Hard to tell what you're looking at here, but it is the entrance to Fort Niagara situated on the point where the Niagara River enters Lake Ontario.
We spent a Saturday morning in mid-July here when we were visiting daughter Sarah, son in law. William and granddaughter in their new environs of Buffalo, NY.
As forts go this is a large one with a storied past.
It's a New York State Park now and filled with stuff to make your visit interesting including ...
What's strange about this fort is this French looking chateau inside the walls.
Fort Niagara was first a French fort. And the French not wanting to upset the native peoples built the chateau as their fort in 1726.
If you know your history, Britain beat the French in the French and Indian War so the fort became British. Battlements were built by the British.
It stayed in British hands through the American Revolutionary War but was handed over once the colonies won independence.
During the War of 1812 the British recaptured it.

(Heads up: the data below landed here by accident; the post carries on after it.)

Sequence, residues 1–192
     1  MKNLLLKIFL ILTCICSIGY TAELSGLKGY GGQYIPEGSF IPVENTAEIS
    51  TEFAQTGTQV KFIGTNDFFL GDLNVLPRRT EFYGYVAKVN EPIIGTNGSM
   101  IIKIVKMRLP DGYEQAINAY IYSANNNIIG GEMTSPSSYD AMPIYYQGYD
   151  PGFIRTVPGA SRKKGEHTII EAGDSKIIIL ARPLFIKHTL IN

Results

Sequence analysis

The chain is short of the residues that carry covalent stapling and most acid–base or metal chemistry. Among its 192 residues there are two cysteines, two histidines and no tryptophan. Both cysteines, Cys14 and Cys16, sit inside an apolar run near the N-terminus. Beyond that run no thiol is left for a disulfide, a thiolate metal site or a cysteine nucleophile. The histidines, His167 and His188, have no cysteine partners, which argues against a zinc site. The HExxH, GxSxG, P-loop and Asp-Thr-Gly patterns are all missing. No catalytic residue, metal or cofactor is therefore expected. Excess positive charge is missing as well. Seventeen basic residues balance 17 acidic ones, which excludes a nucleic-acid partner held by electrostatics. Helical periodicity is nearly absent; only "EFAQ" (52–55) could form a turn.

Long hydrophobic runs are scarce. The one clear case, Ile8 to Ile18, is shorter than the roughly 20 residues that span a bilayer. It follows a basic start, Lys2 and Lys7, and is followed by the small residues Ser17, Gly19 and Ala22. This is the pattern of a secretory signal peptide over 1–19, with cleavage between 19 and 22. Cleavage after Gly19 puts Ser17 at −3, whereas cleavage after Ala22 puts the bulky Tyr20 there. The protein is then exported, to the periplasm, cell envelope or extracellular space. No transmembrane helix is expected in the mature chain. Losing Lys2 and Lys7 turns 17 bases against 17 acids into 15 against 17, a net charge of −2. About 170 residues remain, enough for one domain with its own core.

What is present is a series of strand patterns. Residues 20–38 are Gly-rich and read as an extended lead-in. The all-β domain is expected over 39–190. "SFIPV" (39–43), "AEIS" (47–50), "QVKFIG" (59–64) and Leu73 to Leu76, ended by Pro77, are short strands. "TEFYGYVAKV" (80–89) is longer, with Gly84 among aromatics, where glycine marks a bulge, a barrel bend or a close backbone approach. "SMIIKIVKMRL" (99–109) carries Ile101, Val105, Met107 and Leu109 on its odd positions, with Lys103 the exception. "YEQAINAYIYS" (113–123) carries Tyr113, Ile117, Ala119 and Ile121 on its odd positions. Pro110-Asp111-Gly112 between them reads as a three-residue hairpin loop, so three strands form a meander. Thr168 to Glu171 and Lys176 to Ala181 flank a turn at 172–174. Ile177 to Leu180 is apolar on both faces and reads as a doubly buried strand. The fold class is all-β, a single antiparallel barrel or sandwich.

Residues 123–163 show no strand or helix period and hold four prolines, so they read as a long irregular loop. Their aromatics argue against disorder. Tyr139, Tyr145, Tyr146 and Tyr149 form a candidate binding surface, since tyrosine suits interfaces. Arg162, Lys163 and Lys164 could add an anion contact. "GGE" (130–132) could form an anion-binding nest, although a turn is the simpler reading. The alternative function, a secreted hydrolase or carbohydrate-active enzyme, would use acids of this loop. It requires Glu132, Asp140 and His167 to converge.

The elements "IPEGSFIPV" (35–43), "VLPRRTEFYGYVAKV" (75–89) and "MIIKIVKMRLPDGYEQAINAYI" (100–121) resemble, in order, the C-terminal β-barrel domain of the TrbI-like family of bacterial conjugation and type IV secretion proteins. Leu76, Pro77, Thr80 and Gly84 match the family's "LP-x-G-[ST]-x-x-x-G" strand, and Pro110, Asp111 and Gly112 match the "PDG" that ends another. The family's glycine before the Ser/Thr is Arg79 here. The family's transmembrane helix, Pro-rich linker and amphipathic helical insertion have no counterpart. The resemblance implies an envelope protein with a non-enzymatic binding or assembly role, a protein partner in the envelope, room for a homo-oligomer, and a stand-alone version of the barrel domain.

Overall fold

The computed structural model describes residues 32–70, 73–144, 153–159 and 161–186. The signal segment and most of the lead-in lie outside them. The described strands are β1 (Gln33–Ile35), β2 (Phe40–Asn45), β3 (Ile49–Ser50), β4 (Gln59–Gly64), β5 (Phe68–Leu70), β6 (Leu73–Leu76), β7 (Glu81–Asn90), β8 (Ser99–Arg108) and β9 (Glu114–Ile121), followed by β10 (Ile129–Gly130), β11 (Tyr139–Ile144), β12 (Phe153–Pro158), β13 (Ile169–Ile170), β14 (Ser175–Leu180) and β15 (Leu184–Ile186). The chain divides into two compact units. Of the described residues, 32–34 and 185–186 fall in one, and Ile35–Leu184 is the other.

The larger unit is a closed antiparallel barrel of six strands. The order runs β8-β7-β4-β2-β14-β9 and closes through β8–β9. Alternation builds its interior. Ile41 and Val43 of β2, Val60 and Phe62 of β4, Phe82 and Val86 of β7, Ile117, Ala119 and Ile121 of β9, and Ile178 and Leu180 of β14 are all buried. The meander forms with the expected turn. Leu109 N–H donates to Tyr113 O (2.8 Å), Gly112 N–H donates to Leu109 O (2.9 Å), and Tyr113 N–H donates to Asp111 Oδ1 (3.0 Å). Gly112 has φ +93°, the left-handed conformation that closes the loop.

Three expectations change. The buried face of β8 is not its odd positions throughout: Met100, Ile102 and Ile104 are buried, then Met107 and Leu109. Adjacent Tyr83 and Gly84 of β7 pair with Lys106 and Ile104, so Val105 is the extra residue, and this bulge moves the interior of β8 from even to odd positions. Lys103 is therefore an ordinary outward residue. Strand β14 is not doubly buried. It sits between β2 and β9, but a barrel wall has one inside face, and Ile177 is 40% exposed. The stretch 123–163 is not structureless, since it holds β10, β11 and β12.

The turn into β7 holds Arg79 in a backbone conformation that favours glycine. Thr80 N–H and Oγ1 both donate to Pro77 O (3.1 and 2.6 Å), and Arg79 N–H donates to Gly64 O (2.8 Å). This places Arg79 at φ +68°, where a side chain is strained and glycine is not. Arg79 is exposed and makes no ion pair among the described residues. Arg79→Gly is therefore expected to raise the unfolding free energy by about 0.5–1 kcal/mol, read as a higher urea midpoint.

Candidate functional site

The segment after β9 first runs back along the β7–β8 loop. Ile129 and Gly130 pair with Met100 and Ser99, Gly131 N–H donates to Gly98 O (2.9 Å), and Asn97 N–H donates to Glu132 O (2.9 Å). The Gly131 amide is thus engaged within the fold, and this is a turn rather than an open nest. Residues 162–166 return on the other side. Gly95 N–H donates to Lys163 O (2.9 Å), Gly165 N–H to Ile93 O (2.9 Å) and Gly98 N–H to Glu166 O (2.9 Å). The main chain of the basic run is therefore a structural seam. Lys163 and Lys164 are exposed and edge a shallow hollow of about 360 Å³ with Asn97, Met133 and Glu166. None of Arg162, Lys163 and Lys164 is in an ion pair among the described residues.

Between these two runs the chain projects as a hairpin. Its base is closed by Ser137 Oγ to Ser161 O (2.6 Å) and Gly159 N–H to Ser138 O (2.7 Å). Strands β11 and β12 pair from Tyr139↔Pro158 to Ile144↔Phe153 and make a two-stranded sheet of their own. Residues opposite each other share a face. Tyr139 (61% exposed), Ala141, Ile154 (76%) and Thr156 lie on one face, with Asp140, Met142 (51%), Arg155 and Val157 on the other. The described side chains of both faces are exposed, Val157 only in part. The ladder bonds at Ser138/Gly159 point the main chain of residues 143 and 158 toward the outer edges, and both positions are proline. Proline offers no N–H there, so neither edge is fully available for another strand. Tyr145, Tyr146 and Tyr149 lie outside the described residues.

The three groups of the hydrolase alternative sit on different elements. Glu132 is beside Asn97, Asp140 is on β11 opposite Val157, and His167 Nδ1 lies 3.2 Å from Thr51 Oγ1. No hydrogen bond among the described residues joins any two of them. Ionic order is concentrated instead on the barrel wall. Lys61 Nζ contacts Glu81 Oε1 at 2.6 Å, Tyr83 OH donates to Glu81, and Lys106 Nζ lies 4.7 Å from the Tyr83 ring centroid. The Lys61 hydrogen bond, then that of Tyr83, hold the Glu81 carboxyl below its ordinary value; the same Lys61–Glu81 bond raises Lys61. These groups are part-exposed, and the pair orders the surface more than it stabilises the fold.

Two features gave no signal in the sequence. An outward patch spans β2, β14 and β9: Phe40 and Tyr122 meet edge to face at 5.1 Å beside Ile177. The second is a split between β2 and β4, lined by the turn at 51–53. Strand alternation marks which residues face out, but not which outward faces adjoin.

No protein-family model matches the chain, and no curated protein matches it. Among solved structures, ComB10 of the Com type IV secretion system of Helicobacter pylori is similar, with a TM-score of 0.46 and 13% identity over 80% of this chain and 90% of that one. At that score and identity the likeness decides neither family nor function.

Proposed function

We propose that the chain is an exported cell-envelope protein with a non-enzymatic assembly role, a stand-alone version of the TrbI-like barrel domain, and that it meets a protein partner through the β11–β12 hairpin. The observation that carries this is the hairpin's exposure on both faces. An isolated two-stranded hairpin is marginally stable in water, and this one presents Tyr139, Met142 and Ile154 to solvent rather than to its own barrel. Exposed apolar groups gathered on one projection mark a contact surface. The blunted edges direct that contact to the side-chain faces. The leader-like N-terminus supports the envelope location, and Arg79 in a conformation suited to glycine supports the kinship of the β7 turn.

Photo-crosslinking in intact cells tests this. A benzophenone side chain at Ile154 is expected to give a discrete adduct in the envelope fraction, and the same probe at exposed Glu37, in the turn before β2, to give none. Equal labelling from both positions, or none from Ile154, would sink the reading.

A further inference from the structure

But the British had to give it back once the war was settled.
Re-enactors stage a demonstration of the cannon.
Below is when it fired. It startled me so much I couldn't stay centered.
This building is called the French Castle.
Here's the rooms of the Fort commandant.
Here is one of them.
Fort Niagara is directly across the river from Niagara on the Lake which was settled by Loyalists during the American Revolution. There was some mention at the fort of Patriots burning that settlement to the ground but I could find no mention of that when I searched to refresh my memory of the history.